The membrane was clamped in a modified Amicon model 8010 ultrafiltration cell. Ten milliters of a solution containing 0.0998 milligrams per milliter of the dye methylene blue were introduced into the upper compartment (hereafter referred to as the "donor phase"). The lower compartment (hereafter referred to as "the receptor phase") was filled with 1000 milliters of distilled water buffered at a pH of 7.0. Both compartments were stirred continuously, and the concentration of dye in the receptor phase was monitored by pumping it through an ultra-violet detection apparatus mounted in a Varian Associates Cary 219 spectrophotometer. The procedure was repeated with an electric field applied to the membrane. Diffusional lag times for the permeation of the dye through the membrane were found to decrease when the field was applied. Steady-state fluxes of the dye were found to increase from 70% to 112% over baseline values when the electric field strengths were increased from 0.0 to 500 volts per centimeter, as shown in FIG. 2.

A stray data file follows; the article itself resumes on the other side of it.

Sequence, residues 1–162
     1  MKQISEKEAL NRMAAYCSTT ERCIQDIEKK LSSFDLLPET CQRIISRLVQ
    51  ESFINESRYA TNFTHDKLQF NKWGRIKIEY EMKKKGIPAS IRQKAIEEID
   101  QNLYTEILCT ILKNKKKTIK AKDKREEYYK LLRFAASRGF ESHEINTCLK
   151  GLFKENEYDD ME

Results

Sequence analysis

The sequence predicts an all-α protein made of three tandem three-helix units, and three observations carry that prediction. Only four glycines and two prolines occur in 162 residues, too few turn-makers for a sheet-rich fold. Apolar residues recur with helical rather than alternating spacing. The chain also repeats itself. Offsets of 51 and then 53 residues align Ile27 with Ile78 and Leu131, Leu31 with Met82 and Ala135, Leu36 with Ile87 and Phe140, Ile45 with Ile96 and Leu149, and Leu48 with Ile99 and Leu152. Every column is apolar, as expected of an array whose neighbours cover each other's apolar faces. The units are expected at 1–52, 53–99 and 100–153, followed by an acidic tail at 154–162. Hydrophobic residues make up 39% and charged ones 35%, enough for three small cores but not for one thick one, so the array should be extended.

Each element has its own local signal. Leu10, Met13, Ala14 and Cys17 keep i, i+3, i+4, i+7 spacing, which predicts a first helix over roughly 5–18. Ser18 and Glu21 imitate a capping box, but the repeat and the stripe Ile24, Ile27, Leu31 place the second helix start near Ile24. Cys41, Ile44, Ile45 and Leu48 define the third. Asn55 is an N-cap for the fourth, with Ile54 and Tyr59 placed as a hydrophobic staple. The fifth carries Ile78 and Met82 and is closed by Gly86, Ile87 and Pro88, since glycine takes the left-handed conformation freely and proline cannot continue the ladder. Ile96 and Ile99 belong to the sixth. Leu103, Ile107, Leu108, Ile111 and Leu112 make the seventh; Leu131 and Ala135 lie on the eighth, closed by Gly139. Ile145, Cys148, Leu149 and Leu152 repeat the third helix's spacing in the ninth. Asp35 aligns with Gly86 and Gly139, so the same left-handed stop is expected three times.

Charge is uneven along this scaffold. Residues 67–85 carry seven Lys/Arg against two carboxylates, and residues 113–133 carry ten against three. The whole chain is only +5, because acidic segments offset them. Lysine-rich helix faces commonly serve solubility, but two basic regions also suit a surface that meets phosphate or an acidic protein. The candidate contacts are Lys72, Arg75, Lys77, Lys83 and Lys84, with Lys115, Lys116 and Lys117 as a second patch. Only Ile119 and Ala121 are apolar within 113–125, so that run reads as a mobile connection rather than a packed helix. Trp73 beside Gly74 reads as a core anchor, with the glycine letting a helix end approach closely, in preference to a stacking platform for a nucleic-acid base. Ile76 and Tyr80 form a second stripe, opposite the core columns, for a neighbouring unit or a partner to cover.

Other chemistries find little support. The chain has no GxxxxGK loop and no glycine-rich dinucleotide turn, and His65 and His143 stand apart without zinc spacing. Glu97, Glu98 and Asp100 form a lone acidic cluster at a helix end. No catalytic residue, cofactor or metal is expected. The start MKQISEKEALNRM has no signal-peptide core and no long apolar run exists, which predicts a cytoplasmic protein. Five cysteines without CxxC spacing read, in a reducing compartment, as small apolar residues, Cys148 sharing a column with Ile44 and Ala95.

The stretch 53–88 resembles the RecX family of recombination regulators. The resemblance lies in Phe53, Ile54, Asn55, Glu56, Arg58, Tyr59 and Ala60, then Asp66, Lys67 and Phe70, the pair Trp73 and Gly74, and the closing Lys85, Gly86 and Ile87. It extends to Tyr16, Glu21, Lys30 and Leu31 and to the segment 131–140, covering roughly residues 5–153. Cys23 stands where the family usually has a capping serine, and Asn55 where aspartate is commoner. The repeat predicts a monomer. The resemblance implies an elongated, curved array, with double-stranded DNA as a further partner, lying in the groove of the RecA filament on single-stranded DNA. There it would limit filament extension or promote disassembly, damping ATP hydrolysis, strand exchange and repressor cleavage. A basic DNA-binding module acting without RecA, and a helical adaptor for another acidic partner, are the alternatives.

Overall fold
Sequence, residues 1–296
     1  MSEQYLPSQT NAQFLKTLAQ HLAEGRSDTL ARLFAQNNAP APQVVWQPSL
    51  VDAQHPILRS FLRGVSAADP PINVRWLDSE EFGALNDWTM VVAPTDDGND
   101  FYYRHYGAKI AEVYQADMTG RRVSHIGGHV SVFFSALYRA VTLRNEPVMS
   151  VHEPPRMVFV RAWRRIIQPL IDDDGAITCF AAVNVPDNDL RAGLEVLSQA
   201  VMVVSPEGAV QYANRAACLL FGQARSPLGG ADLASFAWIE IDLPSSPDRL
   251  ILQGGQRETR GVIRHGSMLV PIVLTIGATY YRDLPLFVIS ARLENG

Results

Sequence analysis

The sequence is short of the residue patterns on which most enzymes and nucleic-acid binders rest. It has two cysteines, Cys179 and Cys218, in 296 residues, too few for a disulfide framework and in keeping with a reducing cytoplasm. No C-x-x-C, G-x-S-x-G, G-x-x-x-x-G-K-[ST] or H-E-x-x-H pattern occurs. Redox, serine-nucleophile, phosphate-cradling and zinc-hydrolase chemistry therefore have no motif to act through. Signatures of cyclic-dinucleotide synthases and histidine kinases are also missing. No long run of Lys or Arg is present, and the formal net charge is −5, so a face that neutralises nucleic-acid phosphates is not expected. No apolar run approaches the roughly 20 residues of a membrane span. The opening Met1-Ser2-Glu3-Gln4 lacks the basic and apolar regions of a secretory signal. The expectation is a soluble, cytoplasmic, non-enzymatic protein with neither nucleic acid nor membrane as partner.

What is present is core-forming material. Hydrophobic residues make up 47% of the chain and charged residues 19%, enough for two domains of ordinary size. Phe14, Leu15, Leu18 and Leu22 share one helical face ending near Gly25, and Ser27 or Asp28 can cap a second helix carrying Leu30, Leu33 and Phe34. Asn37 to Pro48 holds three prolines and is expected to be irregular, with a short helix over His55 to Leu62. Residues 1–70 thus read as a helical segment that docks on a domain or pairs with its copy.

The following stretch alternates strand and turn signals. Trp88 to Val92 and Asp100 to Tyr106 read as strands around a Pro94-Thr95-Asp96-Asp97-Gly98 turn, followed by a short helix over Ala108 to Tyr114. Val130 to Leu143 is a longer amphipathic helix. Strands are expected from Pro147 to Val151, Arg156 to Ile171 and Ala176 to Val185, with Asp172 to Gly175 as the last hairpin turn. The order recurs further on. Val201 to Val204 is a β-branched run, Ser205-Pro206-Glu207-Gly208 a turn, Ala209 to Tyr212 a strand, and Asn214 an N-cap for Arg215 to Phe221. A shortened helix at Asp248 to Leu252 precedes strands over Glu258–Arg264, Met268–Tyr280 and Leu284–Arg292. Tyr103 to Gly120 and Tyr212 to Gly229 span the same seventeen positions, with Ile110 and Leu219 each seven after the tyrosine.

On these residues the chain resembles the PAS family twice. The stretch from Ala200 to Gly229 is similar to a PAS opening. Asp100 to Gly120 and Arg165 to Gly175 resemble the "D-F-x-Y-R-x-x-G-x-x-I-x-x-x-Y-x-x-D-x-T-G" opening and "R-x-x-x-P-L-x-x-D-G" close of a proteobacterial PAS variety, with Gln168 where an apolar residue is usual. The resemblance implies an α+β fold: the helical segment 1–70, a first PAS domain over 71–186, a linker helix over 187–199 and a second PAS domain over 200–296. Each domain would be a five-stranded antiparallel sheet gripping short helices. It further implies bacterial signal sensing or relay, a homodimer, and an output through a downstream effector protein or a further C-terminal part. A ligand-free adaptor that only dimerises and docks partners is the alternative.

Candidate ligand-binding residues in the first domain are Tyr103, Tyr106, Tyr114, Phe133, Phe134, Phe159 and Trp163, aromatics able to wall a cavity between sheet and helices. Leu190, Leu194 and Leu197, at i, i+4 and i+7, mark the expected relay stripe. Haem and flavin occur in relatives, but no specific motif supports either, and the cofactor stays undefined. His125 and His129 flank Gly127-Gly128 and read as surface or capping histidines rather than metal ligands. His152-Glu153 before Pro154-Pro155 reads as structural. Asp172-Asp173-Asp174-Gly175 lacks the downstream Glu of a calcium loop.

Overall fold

FIG. 1 shows the configuration of the membrane system. The leads from the D.C. regulated power supply (1) are connected to the inner surfaces of the filters (2). The cell body itself serves as the donor compartment (3). The solution in the receptor compartment (4) was pumped continuously through the UV-VIS detector (5).

EXAMPLE II

The membrane was prepared as described above, and subjected to a 7.5 hour diffusion run. The electric field was turned off after 3.5 hours, when it was observed that the enhanced steady-state flux was maintained even after the field was discontinued. This revealed that the enhancement of permeability was caused by a liquid crystalline transition and not by electro-osmotic or related effects.